Hälsa och vård innan konception

Tidsperiod: 2015-07-01 till 2015-07-31

Projektledare: Tanja Tydén

Finansiär: Vetenskapsrådet

Bidragstyp: Internationellt samarbete

Budget: 100 000 SEK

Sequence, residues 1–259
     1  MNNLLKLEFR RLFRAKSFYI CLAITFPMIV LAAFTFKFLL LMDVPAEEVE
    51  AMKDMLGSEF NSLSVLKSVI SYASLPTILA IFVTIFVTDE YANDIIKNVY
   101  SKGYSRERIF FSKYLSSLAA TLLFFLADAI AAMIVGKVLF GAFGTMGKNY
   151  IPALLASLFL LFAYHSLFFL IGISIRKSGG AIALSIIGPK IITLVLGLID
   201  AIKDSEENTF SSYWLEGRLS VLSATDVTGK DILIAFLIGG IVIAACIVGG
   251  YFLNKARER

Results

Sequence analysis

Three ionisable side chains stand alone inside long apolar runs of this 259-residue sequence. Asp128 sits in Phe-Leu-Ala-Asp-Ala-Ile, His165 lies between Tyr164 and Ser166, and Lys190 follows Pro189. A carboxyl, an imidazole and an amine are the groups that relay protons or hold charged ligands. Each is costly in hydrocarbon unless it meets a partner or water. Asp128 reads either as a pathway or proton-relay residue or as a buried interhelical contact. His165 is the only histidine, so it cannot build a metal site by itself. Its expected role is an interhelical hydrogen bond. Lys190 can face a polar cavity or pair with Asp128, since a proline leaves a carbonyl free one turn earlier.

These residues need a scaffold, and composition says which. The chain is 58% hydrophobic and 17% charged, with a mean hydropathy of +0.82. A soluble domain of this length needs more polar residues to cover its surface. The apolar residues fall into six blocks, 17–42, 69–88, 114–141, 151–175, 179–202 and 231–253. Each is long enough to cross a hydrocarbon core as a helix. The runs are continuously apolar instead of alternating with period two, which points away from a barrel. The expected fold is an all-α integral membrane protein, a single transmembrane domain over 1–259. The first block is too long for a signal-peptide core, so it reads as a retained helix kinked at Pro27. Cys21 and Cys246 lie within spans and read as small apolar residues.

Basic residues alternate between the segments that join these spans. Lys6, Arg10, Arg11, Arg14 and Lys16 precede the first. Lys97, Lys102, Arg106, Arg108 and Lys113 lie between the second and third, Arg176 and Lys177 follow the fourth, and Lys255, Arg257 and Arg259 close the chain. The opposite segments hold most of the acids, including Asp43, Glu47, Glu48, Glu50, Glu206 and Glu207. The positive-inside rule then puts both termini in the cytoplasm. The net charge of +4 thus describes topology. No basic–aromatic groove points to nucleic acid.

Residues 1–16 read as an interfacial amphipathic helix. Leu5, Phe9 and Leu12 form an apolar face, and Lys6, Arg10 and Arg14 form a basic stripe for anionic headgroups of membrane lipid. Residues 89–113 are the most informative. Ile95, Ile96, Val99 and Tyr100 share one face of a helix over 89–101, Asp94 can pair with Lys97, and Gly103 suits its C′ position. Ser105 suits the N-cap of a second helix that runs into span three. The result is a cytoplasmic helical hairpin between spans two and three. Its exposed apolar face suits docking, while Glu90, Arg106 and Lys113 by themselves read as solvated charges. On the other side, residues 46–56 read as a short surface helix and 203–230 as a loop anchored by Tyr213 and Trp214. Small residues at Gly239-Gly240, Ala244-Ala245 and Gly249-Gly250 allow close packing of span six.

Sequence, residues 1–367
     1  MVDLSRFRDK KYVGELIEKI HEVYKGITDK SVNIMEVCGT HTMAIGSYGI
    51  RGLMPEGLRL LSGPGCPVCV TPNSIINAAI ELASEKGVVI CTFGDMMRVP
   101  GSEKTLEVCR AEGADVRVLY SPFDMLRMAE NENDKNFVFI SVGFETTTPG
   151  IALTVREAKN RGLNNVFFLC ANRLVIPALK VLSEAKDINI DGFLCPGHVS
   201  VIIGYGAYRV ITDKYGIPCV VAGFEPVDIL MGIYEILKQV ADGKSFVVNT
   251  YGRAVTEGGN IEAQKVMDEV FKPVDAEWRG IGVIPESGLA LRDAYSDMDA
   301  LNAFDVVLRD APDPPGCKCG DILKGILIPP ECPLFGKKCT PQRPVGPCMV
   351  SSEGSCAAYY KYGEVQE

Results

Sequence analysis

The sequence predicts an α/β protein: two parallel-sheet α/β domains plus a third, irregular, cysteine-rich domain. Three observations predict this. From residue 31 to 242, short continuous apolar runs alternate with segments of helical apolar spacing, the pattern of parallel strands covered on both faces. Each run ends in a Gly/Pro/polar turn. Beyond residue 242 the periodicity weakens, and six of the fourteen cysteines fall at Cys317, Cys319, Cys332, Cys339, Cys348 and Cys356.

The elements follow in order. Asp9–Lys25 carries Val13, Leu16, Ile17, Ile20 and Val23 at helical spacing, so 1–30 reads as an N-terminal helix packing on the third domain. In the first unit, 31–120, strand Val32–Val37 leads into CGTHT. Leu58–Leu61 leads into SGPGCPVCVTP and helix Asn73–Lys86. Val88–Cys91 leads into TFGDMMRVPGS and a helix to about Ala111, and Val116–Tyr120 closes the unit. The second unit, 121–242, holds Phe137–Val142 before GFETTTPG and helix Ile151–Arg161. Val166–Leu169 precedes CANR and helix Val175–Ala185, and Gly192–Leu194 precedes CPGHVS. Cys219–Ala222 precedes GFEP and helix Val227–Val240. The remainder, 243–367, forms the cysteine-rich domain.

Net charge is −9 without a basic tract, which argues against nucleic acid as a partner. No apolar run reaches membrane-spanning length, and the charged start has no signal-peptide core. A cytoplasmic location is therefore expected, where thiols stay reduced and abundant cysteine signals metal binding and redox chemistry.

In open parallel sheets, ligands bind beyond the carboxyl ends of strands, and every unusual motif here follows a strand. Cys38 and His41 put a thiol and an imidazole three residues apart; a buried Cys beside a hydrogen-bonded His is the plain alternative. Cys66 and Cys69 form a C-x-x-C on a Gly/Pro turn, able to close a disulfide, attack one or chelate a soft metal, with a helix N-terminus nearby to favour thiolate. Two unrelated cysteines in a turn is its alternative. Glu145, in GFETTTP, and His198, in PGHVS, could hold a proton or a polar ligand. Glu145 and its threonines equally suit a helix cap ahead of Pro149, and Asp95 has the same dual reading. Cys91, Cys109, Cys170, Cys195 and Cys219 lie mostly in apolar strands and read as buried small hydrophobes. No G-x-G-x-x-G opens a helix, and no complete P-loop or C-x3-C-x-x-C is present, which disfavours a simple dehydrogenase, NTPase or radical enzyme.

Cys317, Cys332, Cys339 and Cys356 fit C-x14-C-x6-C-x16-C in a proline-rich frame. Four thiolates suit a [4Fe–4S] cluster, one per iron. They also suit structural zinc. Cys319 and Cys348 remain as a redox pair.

Preconception Health and Care International Conference, Uppsala 2016-02-17, 18 and 19Preconception care is defined as a set of interventions that aim to identify and modify biomedical behavioural and social risk to a woman´s health or pregnancy outcome through prevention and management. As an example women are advised to take 400 μg folic acid daily, at least one month before conception and up to 12 weeks after conception to decrease the risk of neural tube defects in the fetus. As the majority of women attend antenatal clinics in gestational weeks 8-12 it is too late to inform them about the importance of this supplementation as well as to advice them about other risks such as poorly controlled chronic conditions, overweight and use of teratogen medications. Globally, at least four out of ten women report that their pregnancies are unplanned, which highlights the need for population wide approaches for evidence based preconception care. As a result of the first European Congress in Preconception Health and Care, held in Brussels in 2010, we were a group of researchers from Denmark, Sweden, UK, Netherlands, Belgium and Italy and Ukraine a network called PrePreg was started. This network is lead by researchers at Uppsala University. Recently we published a joint paper on preconception care across six European countries. Our results showed that all countries had preconception recommendations for women with chronic diseases, but recommendations for addressing other key preventative health issues for women and men were fragmented and inconsistent. We concluded that collaborative research across Europe is required in order to develop evidence-based guidelines for preconception health and care and that there is a need to establish a clear strategy for promoting evidence based advice and guidance within the European childbearing population.Investment in preconception care has the potential to prevent unintended pregnancies, complications during pregnancy and delivery, stillbirths, preterm birth and low birth weight, birth defects, neonatal infections, and vertical transmission of HIV/STIs. It can also lower the risk of some forms of childhood cancer, decrease the risk of type 2 diabetes and cardiovascular disease later in life and reduce maternal and child mortalityImplementing evidence-based preconception care programs is important for women both in high- and low-income countries. In high-income countries many women postpone childbearing until ages when their fecundity has decreased, whereas many women in low-income countries would benefit from delaying their first pregnancy and space subsequent pregnancies (WHO 2013). As a part of the needed investment in improving preconception health, we would like to convene an international conference to share best practices and the most recent evidence in the field as well as to promote international on preconception health and care. The congress objectives are to: (1) review the status of preconception health and care are in Europe and globally, (2) present recent preconception health research results, (3) exchange experiences with different methodology used in clinical research including issues relating to gender and ethics, (4) exchange experiences of implementing and evaluating reproductive health care interventions, including the use of social media to promote preconception behaviour change, (5) to develop new research collaboration.For additional information please visit: www.pubcare.uu.se